Had Birbiglia taken on that question -- if his family or Abby had confronted him about profiting from their stories, Sleepwalk With Me would have been 100 percent better and more profound.  As it is, Birbiglia doesn’t really pay any price for choosing to use his life for material, besides the danger that comes with his dreams. 
I hope Birbiglia does film again.  In an age where so many comedies either go for vulgarity or cutting mean satire, Birbiglia’s innocent gentle charm makes him easily watchable on screen.  It would be great to have more tales from him: I hope the next ones delve even deeper.

Monday, February 27, 2012

It's time the Oscars celebrate the way we see movies now

Watching the Oscars last night, I couldn’t help but notice that the usual tone of love for the cinema and the big screen was actually starting to sound a bit conservative, almost protective, in its nostalgia for a bygone era of moviegoing. 
Between the stage made to look like an old movie house, and the tacky, IMO, stunt of the beautiful popcorn vendors in the theaters, it was a harkening back to another time.  Throughout the show, Billy Crystal and others repeated the slogan “Let’s all go to the movies!” before either a montage of engaged fans in their seats, or a great Cirque Du Soleil number showing the “ride” movies can take you through.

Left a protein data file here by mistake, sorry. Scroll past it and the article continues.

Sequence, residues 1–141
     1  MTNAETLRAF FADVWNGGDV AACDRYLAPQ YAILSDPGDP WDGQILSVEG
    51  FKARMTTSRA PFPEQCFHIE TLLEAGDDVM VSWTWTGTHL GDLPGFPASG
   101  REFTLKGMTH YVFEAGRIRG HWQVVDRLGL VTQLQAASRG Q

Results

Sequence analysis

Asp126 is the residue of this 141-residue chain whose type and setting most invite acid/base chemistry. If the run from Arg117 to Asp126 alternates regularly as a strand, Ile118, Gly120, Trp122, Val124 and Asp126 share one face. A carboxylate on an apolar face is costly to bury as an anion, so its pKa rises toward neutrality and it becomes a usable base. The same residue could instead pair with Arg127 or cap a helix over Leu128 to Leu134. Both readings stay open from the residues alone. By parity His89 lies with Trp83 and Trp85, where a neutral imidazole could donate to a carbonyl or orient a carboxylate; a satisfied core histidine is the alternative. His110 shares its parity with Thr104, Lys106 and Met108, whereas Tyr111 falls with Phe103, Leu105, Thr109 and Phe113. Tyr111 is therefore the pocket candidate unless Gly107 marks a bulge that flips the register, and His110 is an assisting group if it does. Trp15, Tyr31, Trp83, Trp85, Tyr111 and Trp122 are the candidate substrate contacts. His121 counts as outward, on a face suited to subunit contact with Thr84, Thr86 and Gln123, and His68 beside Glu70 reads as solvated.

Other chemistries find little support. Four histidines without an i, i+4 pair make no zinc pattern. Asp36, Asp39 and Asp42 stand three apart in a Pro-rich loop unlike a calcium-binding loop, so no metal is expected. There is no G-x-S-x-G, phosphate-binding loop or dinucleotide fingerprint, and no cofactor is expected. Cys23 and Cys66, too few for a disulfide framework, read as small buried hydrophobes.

All of this was fine, except somebody out there in Hollywood needs to get on stage and say, “Guys, we need to start celebrating the fact that people can now experience at home the kinds of big-screen thrills, 3d visuals and incredible sound effects that used to only be available in theaters.  Let’s celebrate that we have these DVDs that include endings no one got to see, or actor and director commentary that adds dimensions to the film.  We need to start celebrating all this, along with the fact that someone CAN watch a movie on an IPhone, or an IPad, or a laptop computer whenever they want.  People are still watching and consuming media, far more so than before.  Let’s stop pining for a time when this technology was unavailable.”

This especially came to mind for me when they included Steve Jobs in the memoriam section this year: Jobs’ creations have greatly helped in making movies and television media more widespread for personal computer technology, yet the Oscars still seem reluctant to celebrate that technology even as they honored the man.